D'Pergo Custom Guitars, Inc. v. Sweetwater Sound, Inc.

Filing 43

ORDER granting in part 27 Motion to Amend 1 Complaint; denying as moot 21 Motion for Judgment on the Pleadings; denying as moot 31 Motion for Judicial Notice. So Ordered by Judge Landya B. McCafferty.(gla)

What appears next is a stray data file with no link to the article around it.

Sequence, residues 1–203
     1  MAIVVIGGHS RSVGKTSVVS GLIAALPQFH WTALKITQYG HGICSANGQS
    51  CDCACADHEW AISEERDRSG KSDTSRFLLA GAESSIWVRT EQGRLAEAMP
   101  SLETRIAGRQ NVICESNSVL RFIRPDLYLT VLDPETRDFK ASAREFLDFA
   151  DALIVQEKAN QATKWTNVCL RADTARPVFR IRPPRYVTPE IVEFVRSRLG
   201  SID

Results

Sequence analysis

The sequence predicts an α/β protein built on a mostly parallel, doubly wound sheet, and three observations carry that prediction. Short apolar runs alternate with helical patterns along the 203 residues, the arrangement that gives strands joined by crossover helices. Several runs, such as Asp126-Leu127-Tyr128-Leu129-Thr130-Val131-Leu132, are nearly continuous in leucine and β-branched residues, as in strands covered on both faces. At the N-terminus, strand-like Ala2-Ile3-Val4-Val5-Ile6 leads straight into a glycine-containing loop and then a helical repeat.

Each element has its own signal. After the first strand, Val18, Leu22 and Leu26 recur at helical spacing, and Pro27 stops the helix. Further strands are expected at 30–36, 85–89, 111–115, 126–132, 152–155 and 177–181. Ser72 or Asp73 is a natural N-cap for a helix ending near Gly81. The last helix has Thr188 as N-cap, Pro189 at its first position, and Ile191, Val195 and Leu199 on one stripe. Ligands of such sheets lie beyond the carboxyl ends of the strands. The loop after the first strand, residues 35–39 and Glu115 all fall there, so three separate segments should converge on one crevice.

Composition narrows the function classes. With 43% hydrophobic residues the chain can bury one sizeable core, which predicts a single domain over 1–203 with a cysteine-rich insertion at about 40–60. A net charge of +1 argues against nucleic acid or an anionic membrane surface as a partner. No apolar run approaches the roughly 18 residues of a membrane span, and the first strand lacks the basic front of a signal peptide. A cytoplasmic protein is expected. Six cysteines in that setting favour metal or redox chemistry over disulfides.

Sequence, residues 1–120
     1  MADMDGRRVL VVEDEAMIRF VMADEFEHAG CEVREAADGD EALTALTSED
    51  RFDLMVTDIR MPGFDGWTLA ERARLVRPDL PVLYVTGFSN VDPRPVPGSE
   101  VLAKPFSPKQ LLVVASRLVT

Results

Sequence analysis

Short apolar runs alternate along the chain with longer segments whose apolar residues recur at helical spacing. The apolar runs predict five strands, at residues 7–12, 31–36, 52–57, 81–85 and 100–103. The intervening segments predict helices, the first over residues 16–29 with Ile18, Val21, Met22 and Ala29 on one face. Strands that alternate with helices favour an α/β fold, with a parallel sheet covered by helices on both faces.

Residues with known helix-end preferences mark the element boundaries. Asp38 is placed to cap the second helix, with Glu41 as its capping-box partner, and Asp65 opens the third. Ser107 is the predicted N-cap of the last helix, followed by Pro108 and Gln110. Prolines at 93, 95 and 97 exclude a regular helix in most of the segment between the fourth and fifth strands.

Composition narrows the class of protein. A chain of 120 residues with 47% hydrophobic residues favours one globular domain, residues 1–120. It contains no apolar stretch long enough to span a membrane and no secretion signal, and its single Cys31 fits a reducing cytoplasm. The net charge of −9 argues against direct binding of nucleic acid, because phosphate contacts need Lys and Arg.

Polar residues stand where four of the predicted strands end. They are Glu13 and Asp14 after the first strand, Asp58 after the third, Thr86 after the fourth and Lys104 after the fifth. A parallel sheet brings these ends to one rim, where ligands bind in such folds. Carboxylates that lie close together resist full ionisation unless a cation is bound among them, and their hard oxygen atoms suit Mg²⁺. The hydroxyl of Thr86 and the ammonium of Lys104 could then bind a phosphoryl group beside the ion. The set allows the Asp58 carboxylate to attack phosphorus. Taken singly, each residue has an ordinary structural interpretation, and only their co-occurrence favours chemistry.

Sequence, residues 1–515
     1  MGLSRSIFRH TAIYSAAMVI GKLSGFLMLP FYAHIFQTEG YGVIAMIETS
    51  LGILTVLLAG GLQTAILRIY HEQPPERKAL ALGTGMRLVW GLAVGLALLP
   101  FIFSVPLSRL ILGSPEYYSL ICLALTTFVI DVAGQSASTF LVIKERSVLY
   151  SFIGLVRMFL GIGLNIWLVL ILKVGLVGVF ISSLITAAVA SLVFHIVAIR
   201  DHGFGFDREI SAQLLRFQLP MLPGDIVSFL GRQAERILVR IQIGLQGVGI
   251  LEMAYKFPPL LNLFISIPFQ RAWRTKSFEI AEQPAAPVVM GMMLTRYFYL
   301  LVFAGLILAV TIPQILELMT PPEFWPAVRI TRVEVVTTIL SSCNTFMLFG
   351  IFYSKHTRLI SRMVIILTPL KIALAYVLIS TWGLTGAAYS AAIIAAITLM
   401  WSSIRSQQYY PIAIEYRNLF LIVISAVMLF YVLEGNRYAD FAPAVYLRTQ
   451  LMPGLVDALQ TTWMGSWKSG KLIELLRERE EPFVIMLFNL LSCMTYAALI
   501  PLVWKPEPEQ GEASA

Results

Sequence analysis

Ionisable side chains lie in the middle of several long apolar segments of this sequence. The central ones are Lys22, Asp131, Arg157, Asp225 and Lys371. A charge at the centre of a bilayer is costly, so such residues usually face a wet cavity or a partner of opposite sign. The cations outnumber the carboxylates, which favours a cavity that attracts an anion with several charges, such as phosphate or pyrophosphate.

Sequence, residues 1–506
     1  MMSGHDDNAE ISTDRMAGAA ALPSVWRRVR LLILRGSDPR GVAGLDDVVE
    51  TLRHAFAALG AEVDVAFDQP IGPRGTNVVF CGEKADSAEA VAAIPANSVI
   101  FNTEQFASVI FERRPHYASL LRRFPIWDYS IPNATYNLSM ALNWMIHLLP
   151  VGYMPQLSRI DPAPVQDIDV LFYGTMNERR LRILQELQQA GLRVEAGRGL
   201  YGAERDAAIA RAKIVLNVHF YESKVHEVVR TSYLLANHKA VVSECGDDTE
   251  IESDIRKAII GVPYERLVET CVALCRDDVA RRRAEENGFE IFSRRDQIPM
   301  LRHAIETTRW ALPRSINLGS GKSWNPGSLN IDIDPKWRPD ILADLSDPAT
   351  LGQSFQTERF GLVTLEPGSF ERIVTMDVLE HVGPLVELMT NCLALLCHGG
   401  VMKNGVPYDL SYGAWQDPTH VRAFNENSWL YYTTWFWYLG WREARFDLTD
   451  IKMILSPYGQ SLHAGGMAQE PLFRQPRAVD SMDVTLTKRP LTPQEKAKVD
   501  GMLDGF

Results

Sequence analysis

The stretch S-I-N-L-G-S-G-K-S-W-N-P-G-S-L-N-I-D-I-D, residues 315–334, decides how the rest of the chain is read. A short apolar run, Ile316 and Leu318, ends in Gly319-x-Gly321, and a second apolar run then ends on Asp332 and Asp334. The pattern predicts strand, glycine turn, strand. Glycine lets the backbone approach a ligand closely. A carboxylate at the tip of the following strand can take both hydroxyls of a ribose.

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UNITED STATES DISTRICT COURT FOR THE DISTRICT OF NEW HAMPSHIRE D’Pergo Custom Guitars, Inc. v. Civil No. 17-cv-747-LM Opinion No. 2018 DNH 169 Sweetwater Sound, Inc. O R D E R Before the court are three pending motions. First, plaintiff D’Pergo Custom Guitars, Inc. (“D’Pergo”) moves to amend its complaint to add two claims based on its registered trademark. Second, defendant Sweetwater Sound, Inc. (“Sweetwater”) moves for judgment on the original pleadings, on the narrow ground that D’Pergo is not entitled to statutory damages or attorney’s fees on its claim for copyright infringement. Third, Sweetwater moves for judicial notice of certain facts for purposes of its objection to D’Pergo’s motion to amend. On August 17, 2018, the court held a status conference via telephone. For the following reasons, D’Pergo’s motion to amend the complaint is granted in part; Sweetwater’s motion for judgment on the pleadings is denied as moot; and Sweetwater’s motion for judicial notice is denied as moot. BACKGROUND The following facts are taken from D’Pergo’s original complaint, unless otherwise noted. D’Pergo manufactures and sells custom guitars. In 2003, D’Pergo created a photograph showing a number of its unique guitar necks, which it then published on its website. Sweetwater is a retailer that sells musical instruments, including guitars, through its website. D’Pergo alleges that Sweetwater obtained the photograph and published it on Sweetwater’s own website. Specifically, Sweetwater posted the photograph in its online “Electric Guitar Buying Guide,” a printout of which D’Pergo has attached to both its original and proposed amended complaints. 18-24; doc. no. 27-4. See doc. no. 1 at D’Pergo brought this action in December 2017, initially raising a claim for copyright infringement (Count I), an unfair competition claim under the New Hampshire Consumer Protection Act (“CPA”) (Count II), and a deceptive business practices claim under the CPA (Count III). DISCUSSION The court begins by examining D’Pergo’s motion to amend. D’Pergo moves to amend its complaint to add two new claims and factual allegations related to those claims. Proposed Count IV is for false designation of origin and unfair competition (15 U.S.C. § 1125(a)(1)), and proposed Count V is for trademark infringement (15 U.S.C. § 1114(1)(a)). These claims relate to Sweetwater’s alleged infringement of D’Pergo’s federally 2 registered trademark, which is a distinctive design for its guitar necks: Doc. nos. 27-5 at 2, 27-6 at 2 (resized from originals). For both claims, D’Pergo alleges that Sweetwater’s display of D’Pergo’s trademark in the photograph is likely to cause confusion and mislead consumers into believing that Sweetwater’s goods are affiliated or connected with D’Pergo. Under Rule 15(a) of the Federal Rules of Civil Procedure, a party may generally amend its pleading “only with the opposing party's written consent or the court's leave,” which should be “freely give[n] . . . when justice so requires.” P. 15(a)(2). Fed. R. Civ. Nevertheless, “a district court may deny leave to amend when the request is characterized by undue delay, bad faith, futility, or the absence of due diligence on the movant's part.” Sykes v. RBS Citizens, N.A., 2 F. Supp. 3d 128, 133 (D.N.H. 2014). 3 “A proposed amendment to a complaint is futile if, as amended, the complaint . . . fails to state a claim.” (internal quotation marks omitted). Id. “Therefore, review for futility is identical to review under Federal Rule of Civil Procedure 12(b)(6),” id., whereby the court accepts the factual allegations in the complaint as true, construes reasonable inferences in the plaintiff's favor, and “determine[s] whether the factual allegations in the plaintiff's complaint set forth a plausible claim upon which relief may be granted,” Foley v. Wells Fargo Bank, N.A., 772 F.3d 63, 71 (1st Cir. 2014) (internal quotation marks omitted). A claim is facially plausible “when the plaintiff pleads factual content that allows the court to draw the reasonable inference that the defendant is liable for the misconduct alleged.” Ashcroft v. Iqbal, 556 U.S. 662, 678 (2009). Sweetwater makes six arguments in objecting to D’Pergo’s motion to amend. First, it contends that any claim based on D’Pergo’s trademark is futile because D’Pergo alleges that in 2006, it stopped using the photograph on its website. In Sweetwater’s view, this allegation establishes that D’Pergo abandoned its trademark. But as D’Pergo points out, there is a distinction between D’Pergo’s continued use of the photograph, and D’Pergo’s continued use of its trademark. It is the latter that is relevant for purposes of assessing abandonment. 4 See 3 McCarthy on Trademarks & Unfair Competition § 17:9 (5th ed.) (“[L]ack of actual usage of a symbol as a ‘trademark’ can result in a loss of legal rights. This loss is known as ‘abandonment.’” (emphasis added)). Because the complaint does not establish that D’Pergo abandoned its trademark in that sense, Sweetwater’s argument fails. And regardless, abandonment presents a question of fact that the court cannot resolve at this juncture. See Crash Dummy Movie, LLC v. Mattel, Inc., 601 F.3d 1387, 1390 (Fed. Cir. 2010). Second, Sweetwater claims that it removed the photograph from its Buying Guide on January 6, 2016, months prior to the date of registration for D’Pergo’s trademark (August 23, 2016). This fact is derived not from the complaint, however, but from a declaration that Sweetwater has submitted with its objection. Because the court may not consider that fact in evaluating the futility of D’Pergo’s motion, and must instead confine its analysis to the complaint, Sweetwater’s argument fails.1 See In response to Sweetwater’s request for admissions, D’Pergo conceded that it does not yet have evidence that Sweetwater continued to use the photograph after January 6, 2016. See doc. no. 31-2 at 3. Sweetwater relies on this admission to ask the court to take judicial notice of the broader proposition that Sweetwater actually removed the photograph on that date. D’Pergo’s admission does not establish that proposition, and it certainly does not meet the high standard required for judicial notice. See United States v. Bello, 194 F.3d 18, 23 (1st Cir. 1999) (stating that a “high degree of indisputability is an essential prerequisite” to judicial notice). 1 5 Foley, 772 F.3d at 71. By the same token, the court may not consider Sweetwater’s claim that it had no actual or constructive notice of D’Pergo’s trademark application or registration while the photograph was posted in its Buying Guide. Third, Sweetwater alleges that D’Pergo “committed a fraud on the USPTO” because D’Pergo averred in its trademark application that it sold necks for electric guitars, when in fact it does not. Doc. no. 30-1 at 9. For this argument, it suffices to say that an allegation of fraudulent misrepresentation presents questions of fact that the court cannot resolve in Sweetwater’s favor at this time. See generally MPC Franchise, LLC v. Tarntino, 826 F.3d 653 (2d Cir. 2016) (discussing standard for claim that trademark registration was procured through fraud). Fourth, Sweetwater asserts that its “functional and/or aesthetic use” of the photograph in its Buying Guide cannot support a claim for trademark infringement or unfair competition. Doc. no. 30-1 at 13. To be sure, D’Pergo’s theories of liability based on Sweetwater’s use of the photograph may present unique issues not present in more prototypical cases of trademark infringement or unfair competition, and such issues may become the subject of subsequent motion practice. But both parties present their 6 arguments in brief fashion, largely bereft of relevant case law. The court is not in a position to resolve the nuanced questions alluded to, but not fully developed, by Sweetwater, and therefore declines to address this argument at present. See United States v. Zannino, 895 F.2d 1, 17 (1st Cir. 1990) (“It is not enough merely to mention a possible argument in the most skeletal way, leaving the court to do counsel's work . . . .”). Sweetwater is free to raise this argument in the future. Fifth, Sweetwater contends that D’Pergo’s delay justifies denial of the motion, because D’Pergo waited nearly two years from the date of registration, and approximately eight months from the date it filed the complaint, to raise the trademark claims. The court is not persuaded. D’Pergo filed its motion one day after the applicable deadline, which is excusable given that the deadline was on a Sunday. See doc. no. 17 at 2. And based on the present record, the court cannot infer from D’Pergo’s delay any bad faith or dilatory motive: discovery is not scheduled to be completed until 2019; the claims appear to have a similar factual nexus to those in the original complaint; and the motion practice that has occurred with respect to the original complaint has been fairly minor in scope. See Febus- Cruz v. Sauri-Santiago, 652 F. Supp. 2d 166, 168-69 (D.P.R. 2009). Furthermore, because the court resolves Sweetwater’s pending motion for judgment on the pleadings in this order, no 7 prejudice accrues to Sweetwater based on the resources it already expended in prosecuting that motion. Turning to the issue raised in that motion, Sweetwater’s sixth argument is that D’Pergo cannot obtain statutory damages or attorney’s fees under the Copyright Act. See 17 U.S.C. §§ 504-05 (describing remedies under Copyright Act). Sweetwater therefore contends that the amended complaint is futile to the extent that it seeks that requested relief. The legal basis for Sweetwater’s argument is 17 U.S.C. § 412, which “bars recovery of statutory damages under section 504 and attorneys’ fees under section 505 by copyright owners who failed to register the work before the alleged infringement began.” Latin Am. Music Co. v. Am. Society of Composers, Authors & Publishers (ASCAP), 642 F.3d 87, 90 (1st Cir. 2011). The court agrees with Sweetwater. In the proposed amended complaint, D’Pergo alleges that the photograph has an effective registration date of July 7, 2015. The publication date of the Buying Guide, however, is May 22, 2013—more than two years before the registration date. Thus, because the infringement commenced prior to registration, D’Pergo is barred from recovering statutory damages or attorney’s fees. See id. D’Pergo counters that Sweetwater’s argument is premised on an impermissible inference—that the date displayed in the byline 8 of the Buying Guide is the date on which Sweetwater published the Buying Guide and, therefore, the photograph. D’Pergo contends that the court’s deferential standard of review precludes the court from drawing that inference. D’Pergo’s argument is unpersuasive. While a court must draw all reasonable inferences in the non-moving party’s favor, it need not accept unreasonable inferences or ignore the clear import of an attached exhibit. Here, D’Pergo offers no contrary inference that can be drawn from the date displayed in the byline of the Buying Guide. The only reasonable inference is that Sweetwater published the Buying Guide, and consequently the photograph, on that date. Accordingly, D’Pergo’s request for statutory damages and attorney’s fees under the Copyright Act is futile, and D’Pergo’s motion to amend will be denied to that extent. Except to that limited extent, however, the court grants D’Pergo’s motion. Because the court is granting D’Pergo’s motion to amend, Sweetwater’s motion for judgment on the original pleadings is denied as moot. Similarly, having rejected Sweetwater’s arguments in support of its objection to the motion to amend, the court need not further address whether judicial notice of certain facts would be appropriate. Therefore, Sweetwater’s motion for judicial notice is denied as moot. 9 CONCLUSION For the foregoing reasons, D’Pergo’s motion to amend (doc. no. 27) is granted in part. D’Pergo shall file its amended complaint, except that D’Pergo may not seek statutory damages or attorney’s fees under the Copyright Act. Sweetwater’s motion for judgment on the pleadings (doc. no. 21) and motion for judicial notice (doc. no. 31) are denied as moot. SO ORDERED. __________________________ Landya McCafferty United States District Judge August 20, 2018 cc: Counsel of Record 10